“This paper demonstrates the safety and efficacy of the iTind device over a 12-month period,” Chughtai said. “Ultimately, what we found was that this treatment with the iTind device did provide substantial improvement in lower urinary tract symptoms without adversely affecting sexual function. And this was done at 16 settings, so it is a therapy that has a quick learning curve and is easily deployable in the office setting, as well as in the ambulatory surgery setting.”

These results were similar to findings from 2 previous single-arm studies on the iTind device conducted in Italy.2,3 Those study results showed the treatment provided rapid and effective relief of lower urinary tract symptoms secondary to BPH for up to 3 years.

Chughtai said the best candidates for the iTind are males who are concerned about sexual function and have a prostate volume between 25 and 75 cc, and do not have an obstructive median lobe.

More data are needed to determine if men with prostates greater than 80 grams and those with an obstructing middle lobe are candidates for the therapy.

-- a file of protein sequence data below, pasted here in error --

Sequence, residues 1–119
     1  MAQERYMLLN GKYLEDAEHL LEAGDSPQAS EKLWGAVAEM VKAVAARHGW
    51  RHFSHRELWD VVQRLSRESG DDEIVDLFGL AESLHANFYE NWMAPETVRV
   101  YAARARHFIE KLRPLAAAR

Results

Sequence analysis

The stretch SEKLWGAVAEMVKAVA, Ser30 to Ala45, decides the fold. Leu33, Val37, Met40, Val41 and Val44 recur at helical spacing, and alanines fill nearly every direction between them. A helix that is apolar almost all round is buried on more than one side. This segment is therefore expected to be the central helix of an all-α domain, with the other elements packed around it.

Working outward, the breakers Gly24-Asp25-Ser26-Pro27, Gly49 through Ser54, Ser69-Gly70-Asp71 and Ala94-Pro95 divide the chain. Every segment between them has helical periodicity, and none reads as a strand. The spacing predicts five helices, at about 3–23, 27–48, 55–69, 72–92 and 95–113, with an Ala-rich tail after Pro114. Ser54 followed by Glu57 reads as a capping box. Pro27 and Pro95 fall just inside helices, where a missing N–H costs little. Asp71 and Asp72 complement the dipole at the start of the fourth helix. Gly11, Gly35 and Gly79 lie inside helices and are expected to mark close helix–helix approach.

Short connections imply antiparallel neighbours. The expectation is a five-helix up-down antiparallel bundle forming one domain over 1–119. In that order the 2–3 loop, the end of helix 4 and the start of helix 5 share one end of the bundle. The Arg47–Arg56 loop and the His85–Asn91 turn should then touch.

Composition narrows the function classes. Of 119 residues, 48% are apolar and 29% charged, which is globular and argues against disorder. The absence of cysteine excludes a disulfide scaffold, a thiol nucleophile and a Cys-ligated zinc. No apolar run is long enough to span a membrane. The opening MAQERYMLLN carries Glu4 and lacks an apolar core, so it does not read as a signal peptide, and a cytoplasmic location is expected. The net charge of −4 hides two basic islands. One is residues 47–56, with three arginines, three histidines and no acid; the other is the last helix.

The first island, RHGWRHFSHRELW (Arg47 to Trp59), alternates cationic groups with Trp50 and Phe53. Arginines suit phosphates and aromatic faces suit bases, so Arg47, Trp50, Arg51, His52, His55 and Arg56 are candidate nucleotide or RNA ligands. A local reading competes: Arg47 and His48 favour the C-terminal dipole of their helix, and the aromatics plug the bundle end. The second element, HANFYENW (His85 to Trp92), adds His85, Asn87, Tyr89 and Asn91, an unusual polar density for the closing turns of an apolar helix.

The quality-of-life finding in this study is particularly important, according to Chughtai.

“When you talk about flow rate and residual urine in the bladder, those are objective measures that we look at to determine the success of a treatment,” he said. “But ultimately, what probably matters more for a quality-of-life condition like lower urinary tract symptoms secondary to BPH or benign prostatic obstruction is how the patients respond and how they feel. If they report a statistically significant and substantial improvement in their quality of life, that is a very important metric for providers and patients because it is saying that these patients are typically happy with the way their urinary symptoms are after treatment.”

Olympus, which holds the exclusive right to distribute the iTind device in the United States, announced the FDA’s de novo classification of the iTind device on April 6, 2020.

Disclosures: Bilal Chughtai, MD, is a consultant and investigator for Boston Scientific, Olympus Therapeutics, Medi-Tate, and Medeon Bio.

References

1. Chughtai B, Elterman D, Shore N, et al. The iTind temporarily implanted nitinol device for the treatment of lower urinary tract symptoms secondary to benign prostatic hyperplasia: a multicenter, randomized, controlled trial. Urology. Published online December 26, 2020. doi: 10.1016/j.urology.2020.12.022

2. Porpiglia F, Fiori C, Bertolo R, et al. 3-year follow-up of temporary implantable nitinol device implantation for the treatment of benign prostatic obstruction. BJU Int. 2018;122(1):106-112. doi:10.1111/bju.14141

3. Porpiglia F, Fiori C, Amparore D, et al. Second-generation of temporary implantable nitinol device for the relief of lower urinary tract symptoms due to benign prostatic hyperplasia: results of a prospective, multicentre study at 1 year of follow-up. BJU Int. 2019;123(6):1061-1069. doi:10.1111/bju.14608